Medicare premium increase from Alzheimer’s drug to be lowered next year

Health and Human Services Secretary Xavier Becerra announced on Friday that Medicare premiums would be adjusted for 2023 following a report that found the cost of including a new Alzheimer’s medication into the program had been overestimated.

“Today, U.S. Department of Health and Human Services (HHS) Secretary Xavier Becerra announced that Medicare Part B premiums paid by Medicare beneficiaries for 2022 should be adjusted downward to account for an overestimate in costs attributable to the inclusion of new Alzheimer’s drug Aduhelm within the Medicare program for reimbursement,” the Health and Human Service Department said in a statement.

HHS cited “legal and operational hurdles” as the reason premiums will not be adjusted this year. Becerra acknowledged that HHS had hoped to achieve this lowered premium sooner, but said it was not “feasible.”

“CMS and HHS are committed to lowering health care costs – so we look forward to seeing this Medicare premium adjustment across the finish line to ensure seniors get their cost-savings in 2023,” said Becerra.

Aduhelm, created by Biogen, became the first Alzheimer’s medication approved by the Food and Drug Administration in almost 20 years when it was granted approval last June.

The drug has since faced scrutiny over its actual efficacy in treating Alzheimer’s disease as well as its sky-high cost. When the drug was approved, it initially cost $56,000 a year. However, Biogen announced in December that it was halving the cost down to $28,200 a year, or about $2,170 per monthly infusion for patients.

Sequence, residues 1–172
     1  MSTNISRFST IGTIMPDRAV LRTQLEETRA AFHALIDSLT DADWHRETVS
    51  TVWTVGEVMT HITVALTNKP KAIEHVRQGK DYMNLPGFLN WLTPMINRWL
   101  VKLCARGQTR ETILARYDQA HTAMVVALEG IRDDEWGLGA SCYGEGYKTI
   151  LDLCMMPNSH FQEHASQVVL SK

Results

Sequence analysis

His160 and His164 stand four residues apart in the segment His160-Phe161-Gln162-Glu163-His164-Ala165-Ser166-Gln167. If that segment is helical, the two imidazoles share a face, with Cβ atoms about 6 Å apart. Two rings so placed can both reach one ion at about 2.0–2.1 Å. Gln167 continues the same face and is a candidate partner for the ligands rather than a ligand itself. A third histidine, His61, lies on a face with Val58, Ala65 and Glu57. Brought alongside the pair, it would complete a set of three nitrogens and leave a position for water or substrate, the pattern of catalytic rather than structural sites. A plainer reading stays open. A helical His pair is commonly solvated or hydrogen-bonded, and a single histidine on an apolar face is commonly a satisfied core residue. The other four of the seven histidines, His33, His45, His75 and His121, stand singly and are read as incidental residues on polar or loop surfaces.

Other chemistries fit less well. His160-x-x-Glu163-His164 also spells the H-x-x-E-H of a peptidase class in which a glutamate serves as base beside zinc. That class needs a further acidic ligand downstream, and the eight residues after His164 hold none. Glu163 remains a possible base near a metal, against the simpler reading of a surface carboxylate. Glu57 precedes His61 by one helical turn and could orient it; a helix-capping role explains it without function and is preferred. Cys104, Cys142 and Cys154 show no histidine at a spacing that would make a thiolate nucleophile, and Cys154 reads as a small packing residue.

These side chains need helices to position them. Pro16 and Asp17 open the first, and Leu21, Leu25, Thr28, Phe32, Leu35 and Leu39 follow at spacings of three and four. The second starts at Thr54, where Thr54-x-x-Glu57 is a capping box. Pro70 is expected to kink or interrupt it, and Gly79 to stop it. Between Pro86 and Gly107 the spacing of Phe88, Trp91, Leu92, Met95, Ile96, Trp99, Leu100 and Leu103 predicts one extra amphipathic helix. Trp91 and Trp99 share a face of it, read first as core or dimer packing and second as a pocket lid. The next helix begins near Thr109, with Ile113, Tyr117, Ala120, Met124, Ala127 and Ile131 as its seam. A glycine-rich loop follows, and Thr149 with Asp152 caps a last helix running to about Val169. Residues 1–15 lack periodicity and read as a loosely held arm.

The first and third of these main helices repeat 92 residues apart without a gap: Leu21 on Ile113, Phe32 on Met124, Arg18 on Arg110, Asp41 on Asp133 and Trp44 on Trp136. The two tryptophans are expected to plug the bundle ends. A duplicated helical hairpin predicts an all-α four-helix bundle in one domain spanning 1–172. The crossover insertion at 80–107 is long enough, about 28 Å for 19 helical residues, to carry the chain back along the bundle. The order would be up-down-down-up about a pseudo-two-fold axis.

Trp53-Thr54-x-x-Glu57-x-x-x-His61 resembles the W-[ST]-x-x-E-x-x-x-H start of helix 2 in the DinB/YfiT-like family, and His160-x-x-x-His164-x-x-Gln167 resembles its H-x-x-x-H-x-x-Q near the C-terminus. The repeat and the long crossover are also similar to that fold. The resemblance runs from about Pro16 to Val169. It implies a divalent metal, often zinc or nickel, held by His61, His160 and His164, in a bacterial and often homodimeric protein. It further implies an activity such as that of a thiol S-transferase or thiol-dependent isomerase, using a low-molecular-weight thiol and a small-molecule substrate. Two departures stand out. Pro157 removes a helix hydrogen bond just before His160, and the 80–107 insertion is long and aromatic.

In January, Becerra ordered Medicare to “reassess” the proposed premium increase following Biogen’s announcement.

“With the 50 percent price drop of Aduhelm on January 1, there is a compelling basis for CMS to reexamine the previous recommendation,” he said at the time.

HHS’s decision comes after the Centers for Medicare and Medicaid Services (CMS) released a report that found the costs saved from lower than expected spending on Aduhelm could be passed to Medicare beneficiaries in 2023.

Last month, Medicare announced that it would be limiting coverage of Aduhelm to only include clinical trial patients. HHS did not mention this decision in its announcement, though it may have contributed to the lower than expected costs for Aduhelm, on top of Biogen lowering its price.

Medicare’s Part B monthly premium jumped by $21.60 in 2022, the largest increase in the program’s history, rising from $148.50 in 2021 to $170.10. Part of this increase was to build up a reserve in case Medicare started covering Aduhelm.

After Medicare decided to limit coverage, activists had hoped that the premium would be lowered, with many arguing that the premium should not have been increased by so much in the first place.

Max Richtman, president of the National Committee to Preserve Social Security and Medicare, told Bloomberg Law last month that it was “unlikely” that Aduhelm would have impacted Medicare so “dramatically.”

Tags Aduhelm aduhelm alzheimer's disease Biogen Department of Health and Human Services drug prices HHS medicare Medicare medicare premiums Xavier Becerra Xavier Becerra Xavier Becerra

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